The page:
Menahga City Council talks about finances, zoning

They held a work session on March 29.


The Menahga City Council expected a “deeper dive” into city finances.

In early March, the council approved Eide Bailly LLP as forensic accountants to review the city’s financial data and confirm that it is correct. Consulting service fees were not to exceed $5,000.

At their March 29 meeting, City Administrator Curt Kreklau reported that Eide Bailly reviewed December 2020 through January 2021.

“What’s that going to tell us?” asked council member Robyn Keranen. “It was my understanding they were going to go back ‘X’ amount of years.”

Council members Art Huebner and Durwin Tomperi agreed with Keranen.


Mayor Liz Olson commented that the determination is made by the forensic accountants.

“What they’re trying to do is get our accounts reconciled so that we even know where we’re at,” Olson said, noting the council hasn’t received “reconciliation of anything. All we’ve got is bank statements that show how much is in there, but we don’t know if there are checks outstanding.”

Kreklau said a reconciliation delivered by an objective, third party is important.

“That’s what the attorney wanted us to do,” Olson replied.

“I still think some day we have got to go back further,” Keranen said.

Olson said she emailed the city auditor, who said he hadn’t received any more financial information from Kreklau since February. She asked Kreklau if the auditor had given him deadlines in order to complete the audit on time.

“I have to stay on top of this,” Olson said “because I feel that’s why I was elected.”

“That’s fine. I will help you,” Kreklau said.


Zoning violation questions

Kreklau informed the council a cease-and-desist order was filed against Wild Walleye Eatery, effective March 26, “based on violations of the zoning code.”

Olson said that the planning commission is an advisory committee and any action is supposed to go to the council, according to the municipal code. She asked Kreklau to provide the record of the restaurant’s noncomforming uses to the council at its next meeting, as the city zoning code says. “Apparently, you are periodically inspecting building structures and uses of land to determine compliance with the terms of this,” she said.

Olson inquired if all the planning commission members have received training, given the complexity of zoning regulations. The League of Minnesota Cities also has resources, she noted.

All entities must be treated equally, Olson continued. “In this case, I’m wondering, ‘Was it necessary to go this route?’”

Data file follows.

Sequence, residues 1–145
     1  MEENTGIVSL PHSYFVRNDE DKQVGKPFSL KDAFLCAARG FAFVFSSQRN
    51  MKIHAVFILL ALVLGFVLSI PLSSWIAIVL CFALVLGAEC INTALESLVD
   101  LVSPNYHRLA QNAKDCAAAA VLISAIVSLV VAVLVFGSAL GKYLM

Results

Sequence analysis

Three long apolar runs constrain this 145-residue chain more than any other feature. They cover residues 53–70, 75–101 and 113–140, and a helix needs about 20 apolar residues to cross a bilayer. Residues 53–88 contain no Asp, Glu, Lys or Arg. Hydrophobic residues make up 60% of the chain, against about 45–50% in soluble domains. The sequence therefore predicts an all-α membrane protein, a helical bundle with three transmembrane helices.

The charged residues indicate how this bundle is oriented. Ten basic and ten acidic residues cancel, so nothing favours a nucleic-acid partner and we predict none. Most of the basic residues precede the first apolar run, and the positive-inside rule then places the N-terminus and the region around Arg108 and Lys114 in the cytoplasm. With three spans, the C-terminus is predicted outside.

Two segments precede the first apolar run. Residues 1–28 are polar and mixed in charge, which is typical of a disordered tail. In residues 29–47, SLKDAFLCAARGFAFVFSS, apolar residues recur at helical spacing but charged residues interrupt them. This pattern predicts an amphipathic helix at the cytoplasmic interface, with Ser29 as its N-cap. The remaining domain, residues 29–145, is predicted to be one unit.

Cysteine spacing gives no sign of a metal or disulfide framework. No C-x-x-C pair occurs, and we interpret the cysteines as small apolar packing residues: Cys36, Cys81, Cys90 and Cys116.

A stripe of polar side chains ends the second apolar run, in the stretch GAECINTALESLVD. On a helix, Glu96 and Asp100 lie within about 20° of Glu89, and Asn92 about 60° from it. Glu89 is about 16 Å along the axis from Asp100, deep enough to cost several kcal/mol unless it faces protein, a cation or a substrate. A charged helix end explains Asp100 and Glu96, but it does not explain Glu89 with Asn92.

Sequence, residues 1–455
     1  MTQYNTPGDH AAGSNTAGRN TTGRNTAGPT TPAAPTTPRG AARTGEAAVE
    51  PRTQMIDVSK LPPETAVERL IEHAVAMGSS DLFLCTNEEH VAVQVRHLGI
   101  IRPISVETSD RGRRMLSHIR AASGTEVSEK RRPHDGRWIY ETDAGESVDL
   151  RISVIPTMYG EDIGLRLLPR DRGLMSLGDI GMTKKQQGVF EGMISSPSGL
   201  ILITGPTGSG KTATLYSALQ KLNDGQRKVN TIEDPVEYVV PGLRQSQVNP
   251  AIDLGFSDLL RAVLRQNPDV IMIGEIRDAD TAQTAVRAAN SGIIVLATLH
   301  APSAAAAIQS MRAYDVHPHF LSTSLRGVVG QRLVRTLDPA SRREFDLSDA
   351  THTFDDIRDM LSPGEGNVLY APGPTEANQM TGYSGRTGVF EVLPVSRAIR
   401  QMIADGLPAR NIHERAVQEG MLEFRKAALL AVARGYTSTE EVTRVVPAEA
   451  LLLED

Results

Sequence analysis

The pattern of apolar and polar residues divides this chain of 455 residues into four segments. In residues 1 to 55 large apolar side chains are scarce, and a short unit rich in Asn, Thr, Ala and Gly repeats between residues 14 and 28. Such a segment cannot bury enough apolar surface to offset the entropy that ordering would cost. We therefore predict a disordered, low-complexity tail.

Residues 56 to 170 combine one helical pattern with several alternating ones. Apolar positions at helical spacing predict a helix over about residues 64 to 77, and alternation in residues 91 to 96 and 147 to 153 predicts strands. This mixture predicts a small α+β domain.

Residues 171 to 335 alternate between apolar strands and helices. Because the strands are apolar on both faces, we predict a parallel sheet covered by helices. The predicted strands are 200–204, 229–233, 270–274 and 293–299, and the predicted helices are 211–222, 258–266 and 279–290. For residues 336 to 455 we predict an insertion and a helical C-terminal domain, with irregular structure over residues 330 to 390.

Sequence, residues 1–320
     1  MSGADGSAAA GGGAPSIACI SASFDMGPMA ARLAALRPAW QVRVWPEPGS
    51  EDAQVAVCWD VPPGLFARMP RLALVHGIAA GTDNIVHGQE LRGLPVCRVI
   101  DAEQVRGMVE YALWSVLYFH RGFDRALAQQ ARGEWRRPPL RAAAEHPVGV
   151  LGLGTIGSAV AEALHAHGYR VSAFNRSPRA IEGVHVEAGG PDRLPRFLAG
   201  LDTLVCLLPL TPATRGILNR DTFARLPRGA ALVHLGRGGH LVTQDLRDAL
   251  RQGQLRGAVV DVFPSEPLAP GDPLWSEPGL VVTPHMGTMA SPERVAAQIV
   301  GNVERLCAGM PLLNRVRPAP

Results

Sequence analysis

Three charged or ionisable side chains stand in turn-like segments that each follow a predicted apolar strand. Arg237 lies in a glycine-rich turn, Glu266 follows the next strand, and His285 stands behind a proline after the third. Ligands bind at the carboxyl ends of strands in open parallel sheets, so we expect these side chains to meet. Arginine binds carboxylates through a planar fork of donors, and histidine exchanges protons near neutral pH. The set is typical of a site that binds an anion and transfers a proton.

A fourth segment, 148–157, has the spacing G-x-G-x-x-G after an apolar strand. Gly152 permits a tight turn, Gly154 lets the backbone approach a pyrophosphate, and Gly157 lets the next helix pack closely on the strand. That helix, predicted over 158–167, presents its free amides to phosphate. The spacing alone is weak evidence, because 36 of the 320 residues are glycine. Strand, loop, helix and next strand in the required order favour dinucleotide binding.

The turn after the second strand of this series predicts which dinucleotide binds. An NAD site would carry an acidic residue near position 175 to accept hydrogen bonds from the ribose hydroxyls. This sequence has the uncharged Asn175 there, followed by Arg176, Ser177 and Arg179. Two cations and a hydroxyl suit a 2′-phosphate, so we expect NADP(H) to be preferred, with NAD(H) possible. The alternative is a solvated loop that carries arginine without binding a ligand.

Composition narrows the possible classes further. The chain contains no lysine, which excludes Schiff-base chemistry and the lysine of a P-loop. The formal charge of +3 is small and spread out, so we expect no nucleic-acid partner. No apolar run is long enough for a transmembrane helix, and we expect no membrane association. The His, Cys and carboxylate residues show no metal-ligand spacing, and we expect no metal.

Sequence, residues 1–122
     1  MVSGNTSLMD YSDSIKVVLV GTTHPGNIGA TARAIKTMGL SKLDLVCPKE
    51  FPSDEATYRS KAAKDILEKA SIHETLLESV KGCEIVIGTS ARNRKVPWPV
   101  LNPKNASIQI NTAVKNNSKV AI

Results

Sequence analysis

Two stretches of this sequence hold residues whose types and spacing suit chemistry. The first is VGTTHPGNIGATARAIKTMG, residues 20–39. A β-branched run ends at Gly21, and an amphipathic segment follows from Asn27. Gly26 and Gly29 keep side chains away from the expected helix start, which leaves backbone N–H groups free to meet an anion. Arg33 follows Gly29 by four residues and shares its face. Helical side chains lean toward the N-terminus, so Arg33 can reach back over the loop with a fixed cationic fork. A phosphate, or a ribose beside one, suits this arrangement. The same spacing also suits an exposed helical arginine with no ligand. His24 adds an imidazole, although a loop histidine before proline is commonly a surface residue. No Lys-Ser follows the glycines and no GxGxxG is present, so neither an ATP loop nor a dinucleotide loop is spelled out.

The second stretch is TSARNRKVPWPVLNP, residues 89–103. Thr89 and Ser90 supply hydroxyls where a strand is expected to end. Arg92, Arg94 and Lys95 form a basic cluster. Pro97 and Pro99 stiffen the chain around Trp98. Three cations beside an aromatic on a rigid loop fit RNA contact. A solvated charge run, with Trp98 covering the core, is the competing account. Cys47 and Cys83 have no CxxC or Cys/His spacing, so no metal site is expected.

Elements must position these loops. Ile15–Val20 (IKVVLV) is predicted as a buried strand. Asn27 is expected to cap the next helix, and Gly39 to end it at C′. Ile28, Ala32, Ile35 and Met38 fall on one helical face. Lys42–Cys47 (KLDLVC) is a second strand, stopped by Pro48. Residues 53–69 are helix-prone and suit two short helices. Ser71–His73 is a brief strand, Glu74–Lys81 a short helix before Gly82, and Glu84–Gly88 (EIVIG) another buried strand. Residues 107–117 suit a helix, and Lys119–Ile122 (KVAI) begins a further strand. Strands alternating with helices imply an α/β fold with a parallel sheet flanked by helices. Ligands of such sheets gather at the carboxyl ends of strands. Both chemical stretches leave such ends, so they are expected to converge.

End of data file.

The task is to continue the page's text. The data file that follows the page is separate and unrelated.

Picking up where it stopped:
Kreklau said the only reason he brought the matter to the planning commission in December was to discuss whether it was a hard violation of the ordinance.

“The consensus was, and my decision was, if there was a misunderstanding of the zoning district and someone had invested significant money to try to take advantage of an entrepreneurial opportunity, I wanted to play out the steps slowly and in constant communication with this citizen,” he said. Kreklau said he, the fire marshal and police chief made an inspection, with safety their primary concern.


A letter was issued based on those findings, Kreklau said, and corrections were made and verified. The zoning violation remained, with the remedy being that the owner apply for a conditional use permit (CUP). Kreklau said he has not received the permit application yet.

“The ordinance requires me to do what I did and I shared the city attorney correspondence with all of you regarding the administration rights,” Kreklau said.

Olson said the council was never informed that a zoning violation remained and a cease-and-desist order would be issued. “That, to me, is pretty serious,” she said. “Have you ever served such a thing on anybody else in the city since you’ve been here?”

Kreklau said he never has. The council has the authority to issue a CUP, “so I’m not usurping the council’s authority.”

Council member Durwin Tomperi asked if the structure must be designated as a hotel.

Kreklau said hotels are allowed in a commercial district, and there is a need to house pipeline workers.

Olson said the council should be aware of what’s happening in the city. “I feel that’s our job.”

In other business, department heads expressed their preference for committee meetings rather than work sessions. Olson noted the council has only had three work sessions. She asked them to give it some more time to work.

Shannon Geisen is editor of the Park Rapids Enterprise.
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